The facts underlying the president’s claim are clear enough. According to economist Emmanuel Saez of the University of California at Berkeley, the top 10 percent of U.S. earners claimed about half of all before-tax income in 2012, including capital gains. As the president noted, the top decile’s share has been increasing since the late 1970s; it is higher than at any time since just before the Great Depression, Saez’s data show.
But it is unclear whether denouncing inequality and promising to do more about it are likely to help Obama and his fellow Democrats win elections.
Economic populism is the hardy perennial recommendation of liberal pollsters and labor-union political directors. It keeps coming back, even though election results have never quite borne it out. Deeply invested in the individualistic “American dream,” and deeply divided by race, ethnicity and religion, Americans have proven less susceptible to class-based economic appeals than voters in other nations.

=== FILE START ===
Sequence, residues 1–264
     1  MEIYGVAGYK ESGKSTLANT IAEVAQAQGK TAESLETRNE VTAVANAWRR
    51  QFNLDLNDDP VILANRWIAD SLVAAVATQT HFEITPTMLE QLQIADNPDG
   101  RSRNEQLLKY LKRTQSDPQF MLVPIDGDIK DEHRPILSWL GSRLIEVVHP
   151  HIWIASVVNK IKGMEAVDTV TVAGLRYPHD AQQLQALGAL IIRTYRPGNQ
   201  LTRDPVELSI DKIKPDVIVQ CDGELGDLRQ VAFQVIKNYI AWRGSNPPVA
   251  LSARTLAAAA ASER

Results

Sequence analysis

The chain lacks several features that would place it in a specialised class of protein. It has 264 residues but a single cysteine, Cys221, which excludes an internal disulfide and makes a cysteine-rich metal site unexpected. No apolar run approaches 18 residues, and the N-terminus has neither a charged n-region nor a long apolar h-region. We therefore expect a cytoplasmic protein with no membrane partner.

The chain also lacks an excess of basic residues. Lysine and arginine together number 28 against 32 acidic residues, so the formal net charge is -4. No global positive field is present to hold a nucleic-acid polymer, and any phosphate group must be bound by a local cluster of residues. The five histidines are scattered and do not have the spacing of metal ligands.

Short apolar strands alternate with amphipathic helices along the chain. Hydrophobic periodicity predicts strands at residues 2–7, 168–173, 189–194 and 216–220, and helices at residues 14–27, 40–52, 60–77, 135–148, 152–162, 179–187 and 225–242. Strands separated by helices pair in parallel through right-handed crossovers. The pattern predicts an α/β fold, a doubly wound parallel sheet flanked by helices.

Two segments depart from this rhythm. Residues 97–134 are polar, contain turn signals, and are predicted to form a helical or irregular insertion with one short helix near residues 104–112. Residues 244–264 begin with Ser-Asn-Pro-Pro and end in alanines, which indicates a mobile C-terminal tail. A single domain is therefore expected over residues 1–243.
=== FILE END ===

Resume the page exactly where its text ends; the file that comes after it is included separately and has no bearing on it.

Still, with the 2014 elections less than a year away, many Democrats hope that the Great Recession and the prospect of lingering economic stagnation have changed attitudes.
Raising the minimum wage, for example, is a populistic theme that 76 percent of Americans support, including a solid majority of Republicans, a November Gallup poll found.